The season is open. No, I’m not talking about baseball. Or the inter-MBA basketball season. And though I am from a part of the country where the first day of hunting season is often a paid company holiday, I’m not talking about that either (which is in the fall, for those who are not members of the Midwest Club). I’m talking about rankings season – business school rankings, that is.
These days, it seems everyone is getting into the rankings game, whether based on admissions stats or recruiter surveys, post-MBA salary data or student feedback. The bottom line: rankings sell. As such, newspapers and magazines are eager to develop new criteria for ranking schools and to sell the analysis to the throngs of eager prospective students (and oftentimes their even more eager parents).
In business school rankings, US News and World Report opened the season last week, placing HBS at #1. ‘Great!’ we all say. But is it such a great thing? Do the rankings really matter?
The HBS administration would say no, that the best school for any student is as unique as the student him- or herself, based on each individual’s skills, preferences, learning style, and goals. This concern, as well as others related to privacy and commercial interests, prompted the recent HBS decision to discontinue providing students’ contact information to the media.
I personally believe that this is the right decision, though I would have preferred HBS to take the University of Chicago’s approach which involved actually asking the students (perhaps a LEAD refresher on ways to achieve buy-in is in order).
That said, I also have to admit that it is nice to see HBS at the top of these lists. However superficial the rankings may be, they do provide a quick validation of our decision to enroll, or perhaps an even more personal validation of our professional worth. It feels good to be #1. The obvious follow up question is who do the rankings hurt? And which effect outweighs the other?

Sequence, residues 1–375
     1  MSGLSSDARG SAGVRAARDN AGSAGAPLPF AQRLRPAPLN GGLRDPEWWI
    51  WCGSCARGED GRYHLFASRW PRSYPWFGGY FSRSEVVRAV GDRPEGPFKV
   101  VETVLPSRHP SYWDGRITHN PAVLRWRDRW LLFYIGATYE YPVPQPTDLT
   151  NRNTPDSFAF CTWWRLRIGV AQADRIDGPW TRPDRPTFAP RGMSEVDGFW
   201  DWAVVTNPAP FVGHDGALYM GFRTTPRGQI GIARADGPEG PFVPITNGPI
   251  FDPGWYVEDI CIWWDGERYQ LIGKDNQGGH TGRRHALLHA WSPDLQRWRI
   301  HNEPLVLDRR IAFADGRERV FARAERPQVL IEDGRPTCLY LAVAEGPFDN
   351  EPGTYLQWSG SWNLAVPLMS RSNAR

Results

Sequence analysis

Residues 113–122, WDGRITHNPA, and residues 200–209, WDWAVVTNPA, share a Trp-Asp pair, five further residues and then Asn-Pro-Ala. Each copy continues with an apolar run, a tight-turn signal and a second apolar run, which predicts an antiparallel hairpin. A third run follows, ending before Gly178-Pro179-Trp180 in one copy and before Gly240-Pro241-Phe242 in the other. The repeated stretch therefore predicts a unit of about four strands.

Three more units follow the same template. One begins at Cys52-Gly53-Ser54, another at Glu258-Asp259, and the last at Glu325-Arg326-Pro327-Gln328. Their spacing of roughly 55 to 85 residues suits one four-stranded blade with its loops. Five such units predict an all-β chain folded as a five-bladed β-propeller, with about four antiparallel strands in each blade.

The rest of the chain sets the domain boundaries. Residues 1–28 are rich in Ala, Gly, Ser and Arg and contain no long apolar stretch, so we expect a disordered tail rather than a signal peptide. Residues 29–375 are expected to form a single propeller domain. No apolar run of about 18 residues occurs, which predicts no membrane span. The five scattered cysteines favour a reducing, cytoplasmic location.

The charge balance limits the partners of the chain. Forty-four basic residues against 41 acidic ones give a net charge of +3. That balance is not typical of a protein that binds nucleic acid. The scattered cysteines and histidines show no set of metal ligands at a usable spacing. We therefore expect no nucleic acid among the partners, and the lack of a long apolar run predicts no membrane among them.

Undeniably, there are those among us who probably wish they had paid more attention to the class size, academic focus, or level of student involvement before deciding to attend HBS. While we can’t lay the entire blame on the ranking systems, I think it’s fair to say that these and other superficial measures to play a role in shaping perceptions and ultimately, enrollment decisions.
In less than two weeks, another 400 admitted students will descend upon HBS. Over 200 of us will volunteer to guide them around campus, to introduce them to the school, and presumably, help them to make an informed decision about where to spend the next two years of their lives.
Rather than selling HBS, we owe it to the admits to listen to their interests and goals and to provide a frank assessment of HBS as it relates – the good, the bad, and the ugly.
One last thought to keep in mind this rankings season: We are the only people who can assess the value of our MBAs, and this value will be unique to all of us. If you believe that HBS falls short, then get involved, contribute to making change happen, and do everything in your power to make your experience and the school number one.
Editor In Chief